Nearly every Saturday morning, usually around 8:00, you can find a group of mostly SERC runners at Lock 29 in Peninsula, gathering for our run through the woods. These are consistently my favorite runs of the week. Although we always start and end at the same point, each run is unique. We following different paths, or at times we seem to lose the path entirely. The weather and seasons change. The flora and fauna follow those cycles. For example, as the trees lose their leaves, the views change, the horizon opens up and the sky gets bigger. This Saturday, thanks to rain that fell overnight, the ground was covered with wet leaves, making for slippery footing and concealing rocks, stumps, and branches. There were a few close calls, and Steve Hawthorne took a nasty fall. His knee was bloody, but otherwise he was OK. Where it wasn't slippery, it was mucky. I nearly lost a shoe at one point. Still, it was a fun run. As usual, I wore my Garmin 305, and was able to download a satellite image of the route, with the time distance, and elevation stats as shown below.
From August through April, I usually skip the post run brunch with the group so I can get home in time for the football (soccer here in the USA) broadcasts from England. This week, I was so hungry after the run, I decided to stay. We went to Fishers Cafe, an institution in Peninsula. Since some of the usuals were away for the weekend at various races, there were only five of us: Dave K,. Dave P., Connie G. and her young friend Patrick, and me. I'm glad I stayed, because I rarely get to talk with Connie. She is among the best ultra runners in the USA, and she has lots of great stories, including her recent trip to Italy for an international ultra competition.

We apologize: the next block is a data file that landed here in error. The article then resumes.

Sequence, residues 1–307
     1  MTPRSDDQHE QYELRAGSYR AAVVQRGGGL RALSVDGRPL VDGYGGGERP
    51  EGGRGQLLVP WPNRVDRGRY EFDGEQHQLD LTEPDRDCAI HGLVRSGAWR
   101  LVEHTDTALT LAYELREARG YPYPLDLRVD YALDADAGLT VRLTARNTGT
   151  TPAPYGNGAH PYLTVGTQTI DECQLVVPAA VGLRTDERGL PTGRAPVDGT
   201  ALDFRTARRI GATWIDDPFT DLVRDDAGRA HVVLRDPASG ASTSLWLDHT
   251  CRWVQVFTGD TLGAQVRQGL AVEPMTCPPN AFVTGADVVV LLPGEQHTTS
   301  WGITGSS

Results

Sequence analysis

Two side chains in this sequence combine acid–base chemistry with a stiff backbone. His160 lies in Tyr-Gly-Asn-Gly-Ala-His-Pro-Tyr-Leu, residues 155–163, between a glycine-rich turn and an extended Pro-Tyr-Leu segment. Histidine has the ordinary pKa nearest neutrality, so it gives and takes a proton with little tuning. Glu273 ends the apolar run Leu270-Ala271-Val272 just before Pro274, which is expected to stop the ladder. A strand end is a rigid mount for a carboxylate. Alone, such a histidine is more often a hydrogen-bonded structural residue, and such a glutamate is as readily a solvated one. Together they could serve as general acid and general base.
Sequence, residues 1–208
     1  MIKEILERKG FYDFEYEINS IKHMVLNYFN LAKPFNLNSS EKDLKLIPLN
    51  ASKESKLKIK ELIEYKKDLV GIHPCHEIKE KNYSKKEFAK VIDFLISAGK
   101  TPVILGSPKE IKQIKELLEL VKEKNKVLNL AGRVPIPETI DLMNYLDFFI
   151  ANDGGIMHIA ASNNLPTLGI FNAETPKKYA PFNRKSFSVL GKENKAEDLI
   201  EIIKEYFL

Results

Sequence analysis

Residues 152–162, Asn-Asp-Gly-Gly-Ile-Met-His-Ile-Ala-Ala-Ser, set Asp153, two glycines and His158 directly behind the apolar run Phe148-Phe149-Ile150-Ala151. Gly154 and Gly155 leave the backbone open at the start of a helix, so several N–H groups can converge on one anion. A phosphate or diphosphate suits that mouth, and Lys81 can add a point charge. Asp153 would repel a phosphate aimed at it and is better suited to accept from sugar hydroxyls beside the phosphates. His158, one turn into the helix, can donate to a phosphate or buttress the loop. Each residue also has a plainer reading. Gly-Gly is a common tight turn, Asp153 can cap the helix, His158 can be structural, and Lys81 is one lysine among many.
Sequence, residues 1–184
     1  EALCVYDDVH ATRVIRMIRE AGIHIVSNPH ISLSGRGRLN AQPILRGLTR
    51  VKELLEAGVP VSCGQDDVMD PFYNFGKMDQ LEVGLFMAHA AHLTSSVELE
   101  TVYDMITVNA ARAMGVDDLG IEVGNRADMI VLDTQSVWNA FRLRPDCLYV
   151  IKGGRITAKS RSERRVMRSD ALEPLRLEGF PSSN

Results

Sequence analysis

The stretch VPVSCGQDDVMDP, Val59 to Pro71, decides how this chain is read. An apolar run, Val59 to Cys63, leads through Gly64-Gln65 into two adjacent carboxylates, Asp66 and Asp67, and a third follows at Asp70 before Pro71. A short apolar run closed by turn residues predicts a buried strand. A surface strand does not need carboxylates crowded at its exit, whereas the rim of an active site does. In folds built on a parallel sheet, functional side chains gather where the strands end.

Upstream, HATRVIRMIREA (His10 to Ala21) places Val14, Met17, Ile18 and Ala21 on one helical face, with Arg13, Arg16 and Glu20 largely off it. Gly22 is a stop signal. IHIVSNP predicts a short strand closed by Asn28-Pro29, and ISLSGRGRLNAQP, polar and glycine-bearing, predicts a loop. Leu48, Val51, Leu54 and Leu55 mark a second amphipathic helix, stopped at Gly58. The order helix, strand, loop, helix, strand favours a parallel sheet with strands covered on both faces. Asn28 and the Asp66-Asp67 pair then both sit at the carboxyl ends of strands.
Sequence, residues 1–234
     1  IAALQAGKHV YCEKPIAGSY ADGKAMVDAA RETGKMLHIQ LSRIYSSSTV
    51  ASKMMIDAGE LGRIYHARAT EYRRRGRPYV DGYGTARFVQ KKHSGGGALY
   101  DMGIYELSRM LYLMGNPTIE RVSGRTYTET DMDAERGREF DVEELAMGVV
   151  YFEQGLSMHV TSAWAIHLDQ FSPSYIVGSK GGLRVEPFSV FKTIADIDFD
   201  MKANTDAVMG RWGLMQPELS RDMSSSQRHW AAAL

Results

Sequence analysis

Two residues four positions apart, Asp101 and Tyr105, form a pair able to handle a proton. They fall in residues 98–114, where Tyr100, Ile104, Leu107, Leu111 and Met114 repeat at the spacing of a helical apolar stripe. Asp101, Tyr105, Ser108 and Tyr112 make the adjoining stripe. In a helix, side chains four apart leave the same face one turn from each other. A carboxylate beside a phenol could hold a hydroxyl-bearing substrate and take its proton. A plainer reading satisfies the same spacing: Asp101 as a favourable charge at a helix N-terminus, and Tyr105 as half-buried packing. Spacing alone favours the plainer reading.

On Sunday, I ran with a sparse SERC group in Solon. I put in a few early miles in the snow, and tagged on a few after to get to 16.3 miles. I am trying to follow (loosely) Pfitzinger's plan, and he recommends that I run my long runs slower than I have been, so I tried to stay around the 8:00 to 8:10 mile/hr pace. I ended up with an average of 8:09 minute miles. After I got home, I had big bowl of delicious French onion soup, and a muffin with currant jelly, and a cup of coffee.